What did we find when we
walked around Atlantis and looked at her belly? Over 700 heat tiles had
been damaged so badly that they would later have to be replaced. Only one
tile was completely missing, but the others around it had protected
Atlantis' aluminum skin from melting. We had been very lucky.
What had caused all this damage? In the factory, the very tip of the
right-side rocket booster had been made too weak. The wind pressure
during launch had broken it off and it had hit the belly. To make certain
it could not happen on another mission, NASA changed the way the boosters
were built to make them stronger.
ON BEING AN ASTRONAUT
There are two types of NASA astronauts: Pilot Astronauts and Mission
Specialist Astronauts. Pilot Astronauts sit in the front seats and have
the controls and instruments to fly the shuttle during launch and
landing. The Pilot Astronaut that sits in the front-left seat is also
called the Commander. He/she is the overall boss. The Pilot Astronaut
who sits in the front-right seat is called the Pilot and helps the
Commander to fly the spaceship. He/she is really like a copilot in a
regular airplane. Mission Specialist Astronauts (called MS's) are the
crewmembers (usually three) who do most of the work once the shuttle
reaches orbit. They operate the robot arm, do experiments, do spacewalks
and release satellites.
What kind of an education do you need if you want to be an astronaut?
NASA requires that all astronauts have a college degree in math, science
or engineering. You can't be an astronaut if you get a degree in things
like english, history, music, physical education, law, etc. NASA says you
only need a Bachelor's degree to be eligible for an astronaut job but
almost everybody they choose has at least a Master's degree. Ask your
teacher to explain Bachelor, Master's, and Doctorate degrees.
Do you have to be a pilot or be in the military to be an
astronaut? No. About one-third of the astronauts are civilians who are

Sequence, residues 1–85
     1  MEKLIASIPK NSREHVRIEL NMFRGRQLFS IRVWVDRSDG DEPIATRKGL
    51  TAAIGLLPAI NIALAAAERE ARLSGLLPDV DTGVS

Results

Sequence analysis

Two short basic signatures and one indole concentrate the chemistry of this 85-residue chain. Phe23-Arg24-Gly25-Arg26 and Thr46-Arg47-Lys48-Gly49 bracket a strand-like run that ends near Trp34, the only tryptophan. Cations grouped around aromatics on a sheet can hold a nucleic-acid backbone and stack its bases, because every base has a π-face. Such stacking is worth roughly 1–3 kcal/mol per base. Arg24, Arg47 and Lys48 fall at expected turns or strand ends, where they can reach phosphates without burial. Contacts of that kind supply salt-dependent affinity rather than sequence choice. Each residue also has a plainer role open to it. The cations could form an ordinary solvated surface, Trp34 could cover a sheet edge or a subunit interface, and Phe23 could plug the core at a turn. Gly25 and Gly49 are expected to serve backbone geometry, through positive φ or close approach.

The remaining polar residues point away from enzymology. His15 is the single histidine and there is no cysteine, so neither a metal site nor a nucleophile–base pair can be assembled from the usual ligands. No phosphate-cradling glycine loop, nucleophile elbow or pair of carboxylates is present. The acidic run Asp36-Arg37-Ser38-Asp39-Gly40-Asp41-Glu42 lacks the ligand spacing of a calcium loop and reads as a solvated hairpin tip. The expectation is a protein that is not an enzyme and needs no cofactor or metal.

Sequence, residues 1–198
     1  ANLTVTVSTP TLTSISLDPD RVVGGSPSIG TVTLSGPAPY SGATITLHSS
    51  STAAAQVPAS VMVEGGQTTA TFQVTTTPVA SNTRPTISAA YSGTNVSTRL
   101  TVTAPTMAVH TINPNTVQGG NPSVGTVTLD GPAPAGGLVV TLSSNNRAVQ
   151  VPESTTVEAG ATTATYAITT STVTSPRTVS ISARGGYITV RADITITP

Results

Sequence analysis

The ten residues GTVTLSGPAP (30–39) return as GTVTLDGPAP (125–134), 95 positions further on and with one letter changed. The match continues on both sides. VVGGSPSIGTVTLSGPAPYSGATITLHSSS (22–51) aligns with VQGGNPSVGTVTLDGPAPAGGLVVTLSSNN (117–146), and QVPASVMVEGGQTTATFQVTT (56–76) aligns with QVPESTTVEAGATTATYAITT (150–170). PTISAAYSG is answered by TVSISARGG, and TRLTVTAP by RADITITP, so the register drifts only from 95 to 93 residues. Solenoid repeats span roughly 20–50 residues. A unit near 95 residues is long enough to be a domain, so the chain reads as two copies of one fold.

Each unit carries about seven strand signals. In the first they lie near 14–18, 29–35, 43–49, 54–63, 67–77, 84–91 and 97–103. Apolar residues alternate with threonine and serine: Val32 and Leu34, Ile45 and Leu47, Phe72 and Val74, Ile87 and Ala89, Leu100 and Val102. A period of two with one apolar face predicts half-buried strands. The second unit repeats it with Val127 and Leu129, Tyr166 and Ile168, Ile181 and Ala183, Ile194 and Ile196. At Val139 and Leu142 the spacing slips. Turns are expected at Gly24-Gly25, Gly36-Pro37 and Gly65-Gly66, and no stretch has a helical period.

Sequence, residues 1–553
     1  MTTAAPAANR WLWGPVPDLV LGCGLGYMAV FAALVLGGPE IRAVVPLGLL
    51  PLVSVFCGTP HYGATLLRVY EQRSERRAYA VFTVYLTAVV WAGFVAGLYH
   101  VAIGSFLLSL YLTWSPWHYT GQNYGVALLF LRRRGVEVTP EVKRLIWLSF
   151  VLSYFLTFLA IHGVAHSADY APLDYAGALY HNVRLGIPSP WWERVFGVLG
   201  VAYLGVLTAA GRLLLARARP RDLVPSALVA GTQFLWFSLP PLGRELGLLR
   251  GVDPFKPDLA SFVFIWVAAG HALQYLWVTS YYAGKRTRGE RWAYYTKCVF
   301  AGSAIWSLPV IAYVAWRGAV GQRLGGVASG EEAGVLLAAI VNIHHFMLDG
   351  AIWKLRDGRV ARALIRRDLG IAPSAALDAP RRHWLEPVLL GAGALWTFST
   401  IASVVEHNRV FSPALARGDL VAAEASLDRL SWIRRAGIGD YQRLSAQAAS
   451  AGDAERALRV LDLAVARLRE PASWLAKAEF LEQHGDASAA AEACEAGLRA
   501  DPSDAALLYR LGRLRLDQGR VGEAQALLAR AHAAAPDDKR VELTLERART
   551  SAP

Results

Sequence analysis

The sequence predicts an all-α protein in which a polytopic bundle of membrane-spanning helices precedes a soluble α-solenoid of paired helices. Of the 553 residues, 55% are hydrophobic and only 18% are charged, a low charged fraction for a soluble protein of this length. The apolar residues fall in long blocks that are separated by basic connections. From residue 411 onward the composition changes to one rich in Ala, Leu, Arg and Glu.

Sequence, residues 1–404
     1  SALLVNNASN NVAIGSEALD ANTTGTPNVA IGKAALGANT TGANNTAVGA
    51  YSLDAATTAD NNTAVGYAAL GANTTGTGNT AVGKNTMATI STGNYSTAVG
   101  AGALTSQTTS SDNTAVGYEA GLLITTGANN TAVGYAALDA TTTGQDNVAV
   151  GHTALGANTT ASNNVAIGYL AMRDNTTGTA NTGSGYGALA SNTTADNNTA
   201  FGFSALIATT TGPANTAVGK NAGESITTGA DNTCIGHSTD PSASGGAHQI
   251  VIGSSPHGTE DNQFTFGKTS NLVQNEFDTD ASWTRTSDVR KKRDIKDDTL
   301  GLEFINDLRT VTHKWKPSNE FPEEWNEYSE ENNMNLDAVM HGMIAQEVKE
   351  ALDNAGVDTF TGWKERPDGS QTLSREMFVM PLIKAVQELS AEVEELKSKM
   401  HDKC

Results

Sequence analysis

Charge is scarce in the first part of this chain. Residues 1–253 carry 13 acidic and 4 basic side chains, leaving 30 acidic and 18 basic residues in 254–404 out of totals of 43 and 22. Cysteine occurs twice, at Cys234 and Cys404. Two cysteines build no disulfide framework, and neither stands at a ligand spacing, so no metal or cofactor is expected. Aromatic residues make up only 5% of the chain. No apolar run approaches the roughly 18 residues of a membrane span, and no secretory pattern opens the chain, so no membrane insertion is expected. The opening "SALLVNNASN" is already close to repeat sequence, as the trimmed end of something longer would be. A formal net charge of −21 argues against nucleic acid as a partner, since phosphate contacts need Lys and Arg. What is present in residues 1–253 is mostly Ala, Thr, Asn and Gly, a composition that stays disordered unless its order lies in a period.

not pilots. But if you're not a pilot you can only apply for the Mission
Specialist Astronaut position.
To be a Pilot Astronaut, NASA requires that you have at least 1000 hours
of jet flying time. For this reason all Pilot Astronauts are military
flyers. You should plan on being a military test pilot if you want to be
a Pilot Astronaut.
THE SPACE TRANSPORTATION SYSTEM (STS)
The mission of the space shuttle, or STS as NASA calls it, is to carry
satellites and experiments into orbits about 150 to 350 miles above the
earth. While it can't fly to the moon (that's about 240,000 miles away),
the shuttle can do something no rocket before it could ever do. It can be
recycled. Before the shuttle, all of our rockets, including the moon
rockets, were "throw-away" rockets. In other words, during their missions
all of their parts were jettisoned to fall into the water or burn up in
the atmosphere. The only thing that ever came back was the capsule with
the astronauts in it. Even that was never used again. It was sent to a
museum. But almost all of the STS can be used over, which saves money.
There are three parts to the STS: The Orbiter is the winged vehicle that
carries the astronauts. Five Orbiters have been built: Columbia,
Challenger, Discovery, Atlantis, and Endeavour. The Orbiter Challenger
was destroyed and her astronauts were killed on January 28, 1986 when a
hole burned through the side of one of the solid-fueled rocket boosters.
The External Tank (ET) is the giant, orange-colored fuel tank that's
attached to the belly of the Orbiter. The ET is the only part of the STS
that's not reused. It's jettisoned into the ocean.
The Solid-fueled Rocket Boosters (SRB's) are the giant, white booster
rockets that are attached to each side of the ET. When they burn out,
they are jettisoned and parachute into the ocean. Tug boats pick them up
and tow them to shore so they can be cleaned, refilled with more solid
fuel and used over again.
The STS, the shuttle, is not the end of America's space program. It's
just a step, like the Mercury, Gemini, Apollo, and Skylab space projects
before it. Soon, if our Congress gives NASA the money, the next step will